Oracular seidhr for November: Tuesday the 12th

My next oracular seidhr session will take place on Tuesday, November 12th, 2013. If you would like to be included, please email your question to me at: wodandis at gmail dot com.

Since I skipped my October session, I will be relaxing my limit of five querents for this month’s session; I have a few questions I saved from last month, have already received one new request this month, and have room for a few more.  So if you have a question, send it in!

Per usual, I will still be accepting only ONE question per session from each individual (with NO follow up questions, please!) . Please allow 2-3 days after the session to receive your answer, to account for the fact that Jo needs to type up the dictation she takes down during the sessions, after which I look over and sometimes amend her transcription before emailing the answers off to you.

Please get your questions to me by Monday night if you would like to be included! I will reply briefly to your email to let you know you’re in, and will post again when I feel I’ve reached my limit for the questions.

Although this is a free service I provide to the community and payment is not necessary, donations are always VERY gratefully accepted, especially this month, as I really overextended myself on preparing my booth for my recent craft fair venture and made no sales at it.  (More on that later: the venue and so many other things were wrong about this!)  Also, this disaster coincided with my having recently reduced my working hours to 25 per week, and while I am definitely seeing an increase in my energy levels as a result, there is also a rather large decrease in my paycheck.  So as always, if you appreciate what I am doing with my seidhr practice and/ or my blog, and I have helped you in some way, I deeply appreciate any financial gift you can afford to make, no matter how small. If you would like to make a donation you may do via Paypal at wodandis at gmail dot com.  Or, you could always hop on over to FiberWytch on Etsy and pick up some handspun yarn or a ritual cord or two instead; all of my prices have recently been lowered with the holiday shopper in mind (I realize many of you have money issues of your own, but you still need to get those holiday gifts bought or made, right?), and I’m adding at least one new item every day.  (Plus, domestic US shipping is now free!)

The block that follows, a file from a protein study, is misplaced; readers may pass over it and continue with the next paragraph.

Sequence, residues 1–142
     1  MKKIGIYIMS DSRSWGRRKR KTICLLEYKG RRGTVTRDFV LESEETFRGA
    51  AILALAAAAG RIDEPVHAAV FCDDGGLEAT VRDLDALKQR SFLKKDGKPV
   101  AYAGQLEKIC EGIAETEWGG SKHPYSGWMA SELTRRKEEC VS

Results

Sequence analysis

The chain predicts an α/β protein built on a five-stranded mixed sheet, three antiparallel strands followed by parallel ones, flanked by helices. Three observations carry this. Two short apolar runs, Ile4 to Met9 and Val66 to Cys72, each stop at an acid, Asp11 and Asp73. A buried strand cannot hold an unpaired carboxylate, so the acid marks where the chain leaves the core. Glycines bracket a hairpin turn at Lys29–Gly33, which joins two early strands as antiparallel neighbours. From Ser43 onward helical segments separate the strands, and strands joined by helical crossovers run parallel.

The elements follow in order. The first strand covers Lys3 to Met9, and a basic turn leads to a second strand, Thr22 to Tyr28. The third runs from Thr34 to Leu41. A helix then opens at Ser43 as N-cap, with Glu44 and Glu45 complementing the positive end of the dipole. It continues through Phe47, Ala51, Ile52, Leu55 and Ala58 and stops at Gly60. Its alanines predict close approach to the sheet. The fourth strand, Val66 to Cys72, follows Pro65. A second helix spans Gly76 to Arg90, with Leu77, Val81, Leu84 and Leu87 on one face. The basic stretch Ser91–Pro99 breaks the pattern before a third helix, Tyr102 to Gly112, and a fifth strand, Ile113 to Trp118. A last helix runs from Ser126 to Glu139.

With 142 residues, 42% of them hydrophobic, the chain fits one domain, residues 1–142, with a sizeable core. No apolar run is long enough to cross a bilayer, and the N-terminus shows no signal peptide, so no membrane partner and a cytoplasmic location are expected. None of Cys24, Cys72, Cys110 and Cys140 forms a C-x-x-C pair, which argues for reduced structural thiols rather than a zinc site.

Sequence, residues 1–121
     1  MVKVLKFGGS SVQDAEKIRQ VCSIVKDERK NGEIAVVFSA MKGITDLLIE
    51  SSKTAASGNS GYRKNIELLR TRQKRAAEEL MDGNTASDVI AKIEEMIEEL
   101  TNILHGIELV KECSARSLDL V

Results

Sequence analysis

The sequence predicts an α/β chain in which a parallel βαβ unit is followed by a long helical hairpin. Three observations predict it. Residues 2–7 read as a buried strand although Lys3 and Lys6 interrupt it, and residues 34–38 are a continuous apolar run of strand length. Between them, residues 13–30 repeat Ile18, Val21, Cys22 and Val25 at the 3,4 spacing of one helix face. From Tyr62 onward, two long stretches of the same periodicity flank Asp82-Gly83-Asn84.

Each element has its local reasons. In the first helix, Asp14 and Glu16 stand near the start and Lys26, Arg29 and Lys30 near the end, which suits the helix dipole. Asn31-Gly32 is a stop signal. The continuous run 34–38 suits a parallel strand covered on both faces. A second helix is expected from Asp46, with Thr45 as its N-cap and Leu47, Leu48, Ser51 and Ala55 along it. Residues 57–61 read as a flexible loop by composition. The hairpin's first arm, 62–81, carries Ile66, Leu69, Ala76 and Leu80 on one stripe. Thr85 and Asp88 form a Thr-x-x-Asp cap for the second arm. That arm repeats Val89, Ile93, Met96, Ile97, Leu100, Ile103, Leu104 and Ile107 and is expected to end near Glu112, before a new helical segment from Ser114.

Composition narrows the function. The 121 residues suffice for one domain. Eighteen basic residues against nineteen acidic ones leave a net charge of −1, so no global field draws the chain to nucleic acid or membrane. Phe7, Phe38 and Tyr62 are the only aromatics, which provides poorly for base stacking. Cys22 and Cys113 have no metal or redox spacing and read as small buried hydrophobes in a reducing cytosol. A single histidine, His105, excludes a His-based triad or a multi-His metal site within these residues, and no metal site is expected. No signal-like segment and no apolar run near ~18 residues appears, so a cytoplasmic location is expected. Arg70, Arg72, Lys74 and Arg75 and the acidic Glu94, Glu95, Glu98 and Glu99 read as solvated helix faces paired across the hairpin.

More information about my seidhr practice may be found here.

Not just a maker

Reblogging this not only because it’s a fabulous affidavit for my handspun yarn (thank you, Heather!) but because she brings up important points about the essence of Making, which is the art of bringing things into manifestation that did not exist previously in the physical realm, and traditional crafts as a link to the ancestors. This has been one of the most compelling things about hand spinning for me: the fact that I can feel the unbroken thread (pun intended) stretching back through time connecting me to all of the women who have ever spun. This is a very, very long thread indeed, and some of the women have never been mortal. I also knit, and I plan to take up embroidery at some point in honor of Anne, who was a talented needle worker, but spinning is the craft that calls to me most powerfully, perhaps because spinning is the act of collecting the filaments of potential, smoothing and drafting them, and twisting them into something strong and durable. It is Wyrdworking.

The annual “I need wool!” sale

Black Sheep Gathering is just around the corner, and we all know what that means: I need wool!  The choicest farm-fresh local fleeces, from a variety of breeds, will be offered for sale after judging closes for the fiber show on 6/22, and as usual I am short on funds.  (This year, we can blame vet bills incurred by our beloved pooch.)